“I was fortunate to be at a school where I had so many opportunities to be involved. I don’t know if I would have stayed in touch with my musical interests if I hadn’t come to Country Day.”
Shaw went on to Duke University with no intention of majoring in music, but a music theory class during freshman year changed her plans. While at Duke, Shaw performed in the choir and in the a cappella group Rhythm and Blue, and was really happy. “My friends were doing ‘serious’ majors, and I was in the music building every day playing piano, having fun, enjoying my education. Fourteen years later, my friends laugh that I’m one of the only ones who actually uses my degree,” she shares.
After graduating, she moved to New York to intern with a conductor, which led to a job in music publishing. It was there that she stumbled upon licensing—a role uniquely suited to her. Before joining Sony, Shaw served as the director of music for advertising at Universal Music Publishing Group, and before that, senior manager of strategic marketing at Warner Music Group. “I realized [licensing] was my dream job because I always wanted to work on film soundtracks. I love singing, but it was never my professional ambition to be a performer.”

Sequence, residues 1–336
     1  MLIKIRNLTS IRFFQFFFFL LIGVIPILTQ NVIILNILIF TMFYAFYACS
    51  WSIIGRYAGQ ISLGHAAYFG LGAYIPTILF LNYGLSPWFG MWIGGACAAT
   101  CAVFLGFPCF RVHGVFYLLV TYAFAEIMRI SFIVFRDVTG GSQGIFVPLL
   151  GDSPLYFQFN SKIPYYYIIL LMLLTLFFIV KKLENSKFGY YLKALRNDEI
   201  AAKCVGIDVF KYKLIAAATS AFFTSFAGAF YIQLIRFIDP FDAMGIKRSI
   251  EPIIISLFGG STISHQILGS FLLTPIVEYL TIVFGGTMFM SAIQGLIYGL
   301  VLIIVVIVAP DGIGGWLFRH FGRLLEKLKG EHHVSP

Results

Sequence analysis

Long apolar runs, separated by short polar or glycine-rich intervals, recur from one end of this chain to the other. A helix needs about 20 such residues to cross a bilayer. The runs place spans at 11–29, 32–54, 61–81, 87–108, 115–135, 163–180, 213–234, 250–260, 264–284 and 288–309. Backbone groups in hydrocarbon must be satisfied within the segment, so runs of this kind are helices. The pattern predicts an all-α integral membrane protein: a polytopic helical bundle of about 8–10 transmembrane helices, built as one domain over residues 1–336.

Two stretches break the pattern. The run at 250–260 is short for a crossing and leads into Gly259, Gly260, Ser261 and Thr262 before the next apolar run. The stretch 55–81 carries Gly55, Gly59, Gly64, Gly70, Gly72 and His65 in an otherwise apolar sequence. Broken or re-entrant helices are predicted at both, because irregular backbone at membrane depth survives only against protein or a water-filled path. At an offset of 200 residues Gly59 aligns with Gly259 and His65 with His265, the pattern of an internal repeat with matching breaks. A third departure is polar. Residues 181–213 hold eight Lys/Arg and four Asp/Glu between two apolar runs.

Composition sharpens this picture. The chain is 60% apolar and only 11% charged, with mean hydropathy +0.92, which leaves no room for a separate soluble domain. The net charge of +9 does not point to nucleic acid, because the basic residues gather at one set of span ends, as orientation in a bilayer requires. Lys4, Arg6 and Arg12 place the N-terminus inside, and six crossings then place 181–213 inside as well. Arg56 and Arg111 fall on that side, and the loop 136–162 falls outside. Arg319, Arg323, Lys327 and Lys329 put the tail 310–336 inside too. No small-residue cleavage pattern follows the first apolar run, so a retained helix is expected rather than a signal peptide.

Striking the Right Chord
Music occupies a meaningful part of Shaw’s personal life as well. In 2007, she joined the Young New Yorkers’ Chorus (YNYC), a chamber choir of volunteer musicians in their 20s to 30s. The nonprofit’s mission is to foster the art of choral singing among young people and provide opportunities for contemporary young composers in New York City. “I discovered YNYC serendipitously while scrolling through audition announcements for choirs in the New York City area,” shares Shaw. “Two years after graduating, I sorely missed being part of a choral ensemble.”
There, she found a unique community—and love—in the Big Apple. “We really think of ourselves as a family and community first, and so many members have found lifelong friendships in this group, not to mention relationships,” says Shaw. “It happens to be where I met my husband. He’s a fantastic singer!”
In 2010, Shaw joined the board of directors of YNYC. “It’s an organization I’m passionate about for many reasons,” she says. “I am able to invest more deeply in this organization I love so much.” She is currently serving as the board president.
Shaw and her husband, Cullen, have a 3-year-old son named Solomon, whom she says is proving to be a music lover as well. “We certainly plan to encourage music to be a big part of his life,” she says.
“He likes to sing, bang on my piano and has a kid’s ukulele.” Some of his favorite songs at the moment? “Barbara Ann” by the Beach Boys and “Baba O’Riley” by The Who.
While music will always remain one of her deepest loves, she says that she sometimes needs to “clear her ears.” “Most people turn to music to unwind after work,” she says. “For me, it’s the opposite. Every day, I’m listening to new music and trying to keep up with the latest thing. When I’m left to my own devices, I listen to more of the nostalgic favorites I grew up listening to.” That, and podcasts. Lots of podcasts.